Discrimination and Harassment

Discrimination and harassment claims often increase in a down economy. Learn the proper techniques for conducing proper workplace harassment investigations, providing sexual harassment training, and more to reduce claims of employment discrimination and preventing sexual harassment in the workplace.

A temporary suspension without pay is a one-time event, and employees can’t use it as the basis of a lawsuit years later. Those who allege such a pay loss must file a complaint promptly; they can’t argue that later consequences open the door to a lawsuit again ...

While the ADA says organizations must provide reasonable accommodations to people with qualifying disabilities, be aware that many apparently serious conditions aren’t limiting enough to be considered disabilities ...

Tallahassee Community College recently settled a discrimination lawsuit with the U.S. Justice Department, agreeing to pay more than $34,000 in back pay and interest to a job applicant ...

If you don’t ensure that clearly qualified, post age-40 employees aren’t seriously considered for promotions, you could be risking an expensive lawsuit under the federal Age Discrimination in Employment Act ...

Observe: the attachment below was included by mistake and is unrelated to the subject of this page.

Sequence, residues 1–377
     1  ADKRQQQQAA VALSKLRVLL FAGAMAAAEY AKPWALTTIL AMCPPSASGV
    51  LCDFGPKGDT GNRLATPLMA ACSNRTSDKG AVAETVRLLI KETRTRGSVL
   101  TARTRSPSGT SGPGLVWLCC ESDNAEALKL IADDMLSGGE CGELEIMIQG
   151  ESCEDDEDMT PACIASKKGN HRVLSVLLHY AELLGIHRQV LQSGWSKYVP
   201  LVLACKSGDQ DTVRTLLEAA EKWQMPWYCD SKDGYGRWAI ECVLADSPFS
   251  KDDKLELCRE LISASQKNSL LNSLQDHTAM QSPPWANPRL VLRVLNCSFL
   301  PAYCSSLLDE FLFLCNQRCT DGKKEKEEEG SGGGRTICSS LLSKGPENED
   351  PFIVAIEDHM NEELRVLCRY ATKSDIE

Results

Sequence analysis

Employee benefits involve more than just health care and life insurance. Less-noticeable perks—like prime office locations and trips to out-of-town conferences—can also count, and they can become the grounds for discrimination …

A police officer recently won a harassment lawsuit against the city of Margate for the city’s response when the U.S. Army Reserve called him to active duty ...

You have the right to prohibit employees from engaging in other gainful employment while at work. But can you (or should you) ban off-the-clock moonlighting? And when should you discipline employees for moonlighting? ...

After last year’s blockbuster U.S. Supreme Court decision that made it easier for employees to sue for workplace retaliation (Burlington Northern v. White), courts have been trying to figure out how to apply that ruling in real-life situations ...

Employers should never look the other way if they know about a supervisor’s harassing behavior. Investigate every complaint and promptly discipline harassers ...

Sometimes, all the candidates for a promotion are equally qualified, making the selection difficult. It becomes a legally prickly issue when one or more of the candidates is in a protected category (race, age, gender, etc.). But you don’t have to resort to drawing straws ...